[vc_row][vc_column][vc_single_image image=”152″ img_size=”full”][/vc_column][/vc_row][vc_row content_placement=”middle” css=”.vc_custom_1498654925716{border-top-width: 1px !important;border-bottom-width: 1px !important;border-top-color: #e8e8e8 !important;border-top-style: solid !important;border-bottom-color: #e8e8e8 !important;border-bottom-style: solid !important;}”][vc_column width=”1/4″][vc_single_image image=”218″ img_size=”100×100″ alignment=”center”][/vc_column][vc_column width=”3/4″][vc_column_text]

Jack Heath
Managed Services Infrastructure Engineer (MCPS, MCSA)

[/vc_column_text][/vc_column][/vc_row][vc_row][vc_column][vc_column_text]As more and more companies are performing transactions online there is more buzz around the idea of being PCI compliant. But what is PCI compliance and does your company need it? If you take credit cards over the phone, through a web page, or a business application the answer is probably, yes. If you don’t, being PCI compliant won’t necessarily make the company more secure, but may help the company later if it decides to process credit cards as a payment method for customers.

What is PCI Compliance?

PCI stands for “Payment Card Industry” and PCI DSS was a standard put in place by the credit card industry to not only protect customers from business practices which could put their information at risk; but to defer some of the liability for identity theft and credit fraud back on the institutions that process these cards. It is important therefore for organizations who are required to be compliant to ensure these standards are met as it opens management to the potential for penalties such as being required to inform all customers that data was put at risk, being charged with fines, and even incurring civil charges.

PCI compliance questionnaires are extensive and sometimes difficult to understand in a particular context over another, but they all focus on four questions that identify general risks common to most credit fraud and identity theft claims.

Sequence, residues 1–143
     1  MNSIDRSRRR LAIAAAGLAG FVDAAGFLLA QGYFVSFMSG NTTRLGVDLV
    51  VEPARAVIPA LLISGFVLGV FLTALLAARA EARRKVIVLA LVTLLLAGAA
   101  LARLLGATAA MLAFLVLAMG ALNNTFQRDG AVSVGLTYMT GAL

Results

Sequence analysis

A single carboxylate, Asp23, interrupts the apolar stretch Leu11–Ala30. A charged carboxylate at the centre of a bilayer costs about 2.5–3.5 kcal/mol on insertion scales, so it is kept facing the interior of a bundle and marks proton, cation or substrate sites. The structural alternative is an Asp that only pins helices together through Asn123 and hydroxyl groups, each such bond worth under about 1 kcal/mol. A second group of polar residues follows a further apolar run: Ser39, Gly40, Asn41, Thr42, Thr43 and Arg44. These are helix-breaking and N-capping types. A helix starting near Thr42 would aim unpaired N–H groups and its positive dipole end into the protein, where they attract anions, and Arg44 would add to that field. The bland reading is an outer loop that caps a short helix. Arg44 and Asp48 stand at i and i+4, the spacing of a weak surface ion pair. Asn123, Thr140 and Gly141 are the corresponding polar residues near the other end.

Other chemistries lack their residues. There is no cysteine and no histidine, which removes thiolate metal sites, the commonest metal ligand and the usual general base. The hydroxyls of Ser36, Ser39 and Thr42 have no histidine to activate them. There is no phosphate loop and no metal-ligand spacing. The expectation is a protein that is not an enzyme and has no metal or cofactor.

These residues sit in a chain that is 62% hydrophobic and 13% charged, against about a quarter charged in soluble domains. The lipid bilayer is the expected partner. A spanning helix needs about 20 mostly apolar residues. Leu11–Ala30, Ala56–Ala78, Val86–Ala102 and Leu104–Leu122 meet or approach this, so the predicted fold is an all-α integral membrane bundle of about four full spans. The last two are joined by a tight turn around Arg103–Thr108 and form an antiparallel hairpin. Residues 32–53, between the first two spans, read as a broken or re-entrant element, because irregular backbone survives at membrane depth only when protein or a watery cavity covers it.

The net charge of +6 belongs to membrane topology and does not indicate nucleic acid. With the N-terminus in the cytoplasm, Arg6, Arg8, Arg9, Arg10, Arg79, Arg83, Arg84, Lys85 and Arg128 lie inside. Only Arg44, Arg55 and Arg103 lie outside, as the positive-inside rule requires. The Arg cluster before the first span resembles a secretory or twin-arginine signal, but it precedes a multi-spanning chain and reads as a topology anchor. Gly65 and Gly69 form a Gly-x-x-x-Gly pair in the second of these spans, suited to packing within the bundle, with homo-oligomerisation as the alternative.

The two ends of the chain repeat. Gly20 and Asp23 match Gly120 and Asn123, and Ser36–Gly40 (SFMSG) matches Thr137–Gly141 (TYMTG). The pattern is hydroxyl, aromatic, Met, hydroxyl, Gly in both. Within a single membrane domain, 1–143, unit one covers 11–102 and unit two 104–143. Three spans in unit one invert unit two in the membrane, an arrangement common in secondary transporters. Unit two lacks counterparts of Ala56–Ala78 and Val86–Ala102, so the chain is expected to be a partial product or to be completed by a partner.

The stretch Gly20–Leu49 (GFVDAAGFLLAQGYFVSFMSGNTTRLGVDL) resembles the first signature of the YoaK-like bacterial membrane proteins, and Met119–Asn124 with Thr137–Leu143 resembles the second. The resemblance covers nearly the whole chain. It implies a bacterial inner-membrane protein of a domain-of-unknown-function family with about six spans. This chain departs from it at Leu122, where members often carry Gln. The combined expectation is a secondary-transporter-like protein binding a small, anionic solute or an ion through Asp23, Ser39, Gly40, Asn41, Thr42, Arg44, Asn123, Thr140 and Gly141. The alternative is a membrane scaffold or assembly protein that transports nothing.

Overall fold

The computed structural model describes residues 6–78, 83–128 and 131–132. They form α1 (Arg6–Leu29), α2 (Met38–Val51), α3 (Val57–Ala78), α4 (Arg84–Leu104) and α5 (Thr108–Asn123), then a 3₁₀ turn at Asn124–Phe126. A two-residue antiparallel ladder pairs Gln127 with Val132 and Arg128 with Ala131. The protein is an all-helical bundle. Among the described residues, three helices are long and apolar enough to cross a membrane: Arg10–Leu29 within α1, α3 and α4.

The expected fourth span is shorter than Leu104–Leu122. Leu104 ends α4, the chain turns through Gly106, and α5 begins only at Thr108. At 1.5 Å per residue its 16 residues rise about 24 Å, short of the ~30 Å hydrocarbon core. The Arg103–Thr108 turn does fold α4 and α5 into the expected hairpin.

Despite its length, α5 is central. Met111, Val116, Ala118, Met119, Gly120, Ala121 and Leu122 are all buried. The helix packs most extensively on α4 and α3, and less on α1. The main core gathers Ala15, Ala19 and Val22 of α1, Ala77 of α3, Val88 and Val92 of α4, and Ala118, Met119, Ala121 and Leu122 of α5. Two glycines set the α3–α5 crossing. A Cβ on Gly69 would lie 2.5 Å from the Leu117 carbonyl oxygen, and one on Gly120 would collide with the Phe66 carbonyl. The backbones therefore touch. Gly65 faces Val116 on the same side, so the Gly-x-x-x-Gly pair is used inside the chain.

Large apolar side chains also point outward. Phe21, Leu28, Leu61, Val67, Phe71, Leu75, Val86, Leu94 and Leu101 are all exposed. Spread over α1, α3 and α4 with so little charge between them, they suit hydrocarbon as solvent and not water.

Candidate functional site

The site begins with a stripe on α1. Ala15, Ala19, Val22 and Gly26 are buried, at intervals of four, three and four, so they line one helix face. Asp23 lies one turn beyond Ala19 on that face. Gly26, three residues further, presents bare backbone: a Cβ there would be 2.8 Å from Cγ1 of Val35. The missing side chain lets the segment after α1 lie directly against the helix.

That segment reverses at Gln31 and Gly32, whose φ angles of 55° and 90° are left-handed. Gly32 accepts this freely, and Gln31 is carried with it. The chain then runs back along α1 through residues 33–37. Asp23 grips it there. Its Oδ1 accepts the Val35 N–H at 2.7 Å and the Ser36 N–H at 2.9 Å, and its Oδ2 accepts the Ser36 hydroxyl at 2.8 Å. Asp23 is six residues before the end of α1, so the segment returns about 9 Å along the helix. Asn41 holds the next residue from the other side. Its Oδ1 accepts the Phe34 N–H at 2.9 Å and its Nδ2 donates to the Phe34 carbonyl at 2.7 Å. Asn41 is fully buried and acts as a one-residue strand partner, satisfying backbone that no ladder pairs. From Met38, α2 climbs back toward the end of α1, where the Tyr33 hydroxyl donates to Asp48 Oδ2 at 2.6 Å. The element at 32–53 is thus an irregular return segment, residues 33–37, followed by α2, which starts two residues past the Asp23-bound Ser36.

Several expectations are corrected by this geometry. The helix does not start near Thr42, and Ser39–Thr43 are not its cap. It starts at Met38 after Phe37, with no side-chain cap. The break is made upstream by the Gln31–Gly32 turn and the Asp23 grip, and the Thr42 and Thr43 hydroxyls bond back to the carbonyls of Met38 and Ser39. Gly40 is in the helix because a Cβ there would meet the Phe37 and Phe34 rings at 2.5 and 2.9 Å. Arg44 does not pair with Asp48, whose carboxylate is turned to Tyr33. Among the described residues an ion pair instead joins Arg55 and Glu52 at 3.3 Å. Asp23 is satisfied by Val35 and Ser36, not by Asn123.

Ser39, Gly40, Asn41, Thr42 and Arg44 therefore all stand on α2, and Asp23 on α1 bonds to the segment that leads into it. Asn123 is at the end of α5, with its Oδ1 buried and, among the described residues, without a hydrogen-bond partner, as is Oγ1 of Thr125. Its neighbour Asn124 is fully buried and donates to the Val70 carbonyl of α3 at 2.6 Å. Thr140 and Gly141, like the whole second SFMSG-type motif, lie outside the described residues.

1. Is there a system in place to isolate credit card and user data from the other traffic going to the Internet?
  2. Is there a mechanism to inform users of secure and insecure business practices and to enforce these policies?
  3. Is there a method to ensure that personal data cannot be physically copied and removed by staff, guests, or customers?
  4. Is there good logging so that when a breach occurs the individuals responsible can be more easily identified and held accountable?

How do I become compliant?

An IT director, consultant, or managed service provider can provide staff who are specialized in compliance and can translate and explain the technical jargon, but ultimately interpretation as to the level of compliance a company follows falls on a business manager or owner. These seem like questions that are pretty easy to answer, but compliance can be difficult to determine. Have employees tethered Wifi devices to a company network that could allow someone else to exploit security? Many companies have employees with iPhones, Android devices, and media players. These can not only act as Internet hotspots but be set to work as USB drives to potentially store and remove user data. Many companies have public wifi for use by guests, local data drops in communal areas, or store critical servers in unsecured spaces. When PCI compliance asks questions regarding the security of the information, a company can be held liable for what physical security, infrastructure breaches, and user error.

Generally, PCI compliance is a good thing. It raises company awareness to the risks and problems that they could have and allow the company to work to mitigate those risks. But when a breach does occur. PCI compliance is also critical in demonstrating that a company or organization has done everything in its power to protect their clients and employees from the risks of data theft.[/vc_column_text][/vc_column][/vc_row]